Anticonvulsant and Antiepileptic Drugs

Reviewed by: HU Medical Review Board | Last reviewed: January 2024 | Last updated: February 2024

Antiepileptic drugs are medicines used to help treat epilepsy or seizures. They are also called anticonvulsants or antiseizure drugs. While these medicines are often used to treat seizures, they also may prevent migraine attacks.1,2

How do anticonvulsant and antiepileptic drugs work?

It is unknown exactly how anti-seizure medicines help prevent migraine attacks. It is thought that these medicines calm hyper-excitable nerve cells, or neurons, in the brain. Antiepileptic medicines do not work as an acute treatment for a migraine. This means they will not stop a migraine attack that has started. They are meant to be taken daily to prevent migraine from developing.2,3

Seizures are also caused by unregulated brain electrical activity. Antiepileptic drugs work by calming and controlling these electrical signals. For migraine, this calming effect may help control the brain pathways that lead to inflammation and discomfort.1,2

Examples

There are many different types of antiepileptic medicines. But they are not all approved for treating migraine. The US Food and Drug Administration (FDA) has approved 2 antiepileptic drugs for preventing migraine.2

Antiepileptic drugs used for migraine include:2,3

  • Valproate – Valproate sodium (Depacon®) and divalproex sodium (Depakote®). These are both medicines in the same family. Divalproex sodium is made of an equal combination of valproic acid and sodium valproate.
  • Topiramate (Topamax®, Trokendi XR®, Qudexy XR®) – This medicine has fewer side effects compared to valproate.

Other antiepileptic medicines have been studied for use with migraine, but the results are mixed. For example, gabapentin may be used off-label for the prevention of migraine. It is thought to act on GABA and glutamate, two neurotransmitters linked to migraine.4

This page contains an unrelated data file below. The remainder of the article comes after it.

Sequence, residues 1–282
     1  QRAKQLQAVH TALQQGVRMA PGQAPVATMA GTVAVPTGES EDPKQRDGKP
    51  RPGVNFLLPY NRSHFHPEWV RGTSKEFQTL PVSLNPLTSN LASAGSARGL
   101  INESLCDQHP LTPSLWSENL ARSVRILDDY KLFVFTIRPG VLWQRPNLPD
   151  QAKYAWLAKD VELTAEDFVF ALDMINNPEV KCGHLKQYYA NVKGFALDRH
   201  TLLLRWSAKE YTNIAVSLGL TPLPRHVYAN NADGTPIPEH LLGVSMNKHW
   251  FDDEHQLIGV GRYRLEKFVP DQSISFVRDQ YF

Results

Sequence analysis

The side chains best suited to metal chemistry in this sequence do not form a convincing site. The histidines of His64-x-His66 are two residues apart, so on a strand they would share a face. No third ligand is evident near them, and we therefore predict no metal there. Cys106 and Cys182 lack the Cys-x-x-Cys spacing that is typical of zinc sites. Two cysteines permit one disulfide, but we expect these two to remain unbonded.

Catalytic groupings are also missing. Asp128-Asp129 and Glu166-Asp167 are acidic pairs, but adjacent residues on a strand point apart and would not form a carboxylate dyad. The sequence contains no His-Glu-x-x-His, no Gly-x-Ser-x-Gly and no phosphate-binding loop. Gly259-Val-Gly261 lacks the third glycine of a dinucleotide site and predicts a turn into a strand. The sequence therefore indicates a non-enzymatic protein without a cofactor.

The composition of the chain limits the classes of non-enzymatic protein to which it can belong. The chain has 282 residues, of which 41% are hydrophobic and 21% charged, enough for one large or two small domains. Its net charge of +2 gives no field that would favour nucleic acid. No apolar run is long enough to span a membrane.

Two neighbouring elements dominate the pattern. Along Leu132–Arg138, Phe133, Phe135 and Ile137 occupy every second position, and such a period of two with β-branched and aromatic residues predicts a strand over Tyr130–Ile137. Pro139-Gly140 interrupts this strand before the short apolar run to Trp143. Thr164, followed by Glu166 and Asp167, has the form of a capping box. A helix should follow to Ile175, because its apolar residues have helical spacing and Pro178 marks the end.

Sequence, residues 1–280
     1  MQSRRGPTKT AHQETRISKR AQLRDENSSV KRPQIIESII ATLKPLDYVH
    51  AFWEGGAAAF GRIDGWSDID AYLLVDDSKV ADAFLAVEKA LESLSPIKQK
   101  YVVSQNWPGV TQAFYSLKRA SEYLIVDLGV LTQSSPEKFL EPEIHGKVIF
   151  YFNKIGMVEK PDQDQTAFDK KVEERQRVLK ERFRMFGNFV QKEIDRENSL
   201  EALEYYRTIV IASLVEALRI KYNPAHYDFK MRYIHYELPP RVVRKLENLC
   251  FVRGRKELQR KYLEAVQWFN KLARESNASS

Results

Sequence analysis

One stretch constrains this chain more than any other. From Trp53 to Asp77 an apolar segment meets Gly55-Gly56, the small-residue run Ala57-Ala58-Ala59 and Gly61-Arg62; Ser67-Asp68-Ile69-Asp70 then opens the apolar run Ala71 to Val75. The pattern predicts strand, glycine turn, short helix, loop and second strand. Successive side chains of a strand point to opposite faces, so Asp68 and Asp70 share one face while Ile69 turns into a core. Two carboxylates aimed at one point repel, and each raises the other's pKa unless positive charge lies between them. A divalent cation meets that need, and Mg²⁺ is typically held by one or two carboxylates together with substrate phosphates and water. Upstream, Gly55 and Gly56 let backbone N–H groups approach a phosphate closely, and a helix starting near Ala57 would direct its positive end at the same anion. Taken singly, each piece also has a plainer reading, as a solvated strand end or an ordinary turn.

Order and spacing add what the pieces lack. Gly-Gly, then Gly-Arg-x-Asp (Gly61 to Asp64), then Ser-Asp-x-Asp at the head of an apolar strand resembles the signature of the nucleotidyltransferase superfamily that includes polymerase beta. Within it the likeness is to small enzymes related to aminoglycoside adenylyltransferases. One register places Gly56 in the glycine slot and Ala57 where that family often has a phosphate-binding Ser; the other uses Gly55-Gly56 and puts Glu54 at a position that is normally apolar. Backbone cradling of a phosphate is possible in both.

What are the possible side effects?

Side effects can vary depending on the specific treatment or medicine.

Side effects of valproate may include:1

  • Drowsiness
  • Stomach pain
  • Nausea, diarrhea, and vomiting
  • Low platelet count
  • Tremors
  • Dizziness
  • Double vision
  • Weight gain
  • Problems with walking or coordination
  • Headache
  • Weakness
  • Increased appetite or loss of appetite
  • Hair loss

Side effects of topiramate may include:1

  • Tingling in the hands and feet
  • Nausea, vomiting, and diarrhea
  • Stomach pain and cramps
  • Fatigue
  • Sleepiness
  • Brain fog
  • Hair loss
  • Change in the way foods taste
  • Loss of appetite and weight loss
  • Dizziness

Side effects of gabapentin may include:1

  • Dizziness
  • Drowsiness
  • Lack of coordination
  • Swelling of legs and feet
  • Double vision
  • Difficulty thinking
  • Abnormal eye movements
  • Tremors
  • Jerky movements

While rare, antiepileptic medicines may also cause serious mental health side effects, including thoughts of hurting yourself or someone else. If you have suicidal thoughts or behavior, call the healthcare provider who prescribed this medicine immediately. You can also call the 988 Suicide Prevention Lifeline at any time by dialing 988.1

It is best to avoid alcohol in combination with these treatments. This combination can increase sedation and the risk of side effects.1,2

These are not all the possible side effects of anticonvulsant and antiepileptic drugs. Talk to your doctor about what to expect when taking this type of medicine. You also should call your healthcare provider if you have any changes that concern you when taking anticonvulsant and antiepileptic drugs.

Other things to know

In most cases, these medicines are started at a lower dose and then increased as tolerated. It may take some time to determine the dose of medicine that is the right fit for you in terms of efficacy and tolerability.1,2

It may take up to 8 to 12 weeks at the target dose to see improvement in migraine. If you have at least some improvement, it may be worth continuing the medicine. Benefits can increase over 6 to 12 months of use.1,2

Antiepileptic medicines can harm an unborn baby. You should also not breastfeed during treatment with antiepileptic medicines and for some time after the last dose. Talk to your doctor about your options for birth control and breastfeeding while taking antiepileptic medicines.1

Antiepileptic medicines may interact with other medicines you take. Before beginning this treatment for migraine, tell your healthcare provider about all your health conditions and any other drugs, vitamins, or supplements you take. This includes over-the-counter drugs.

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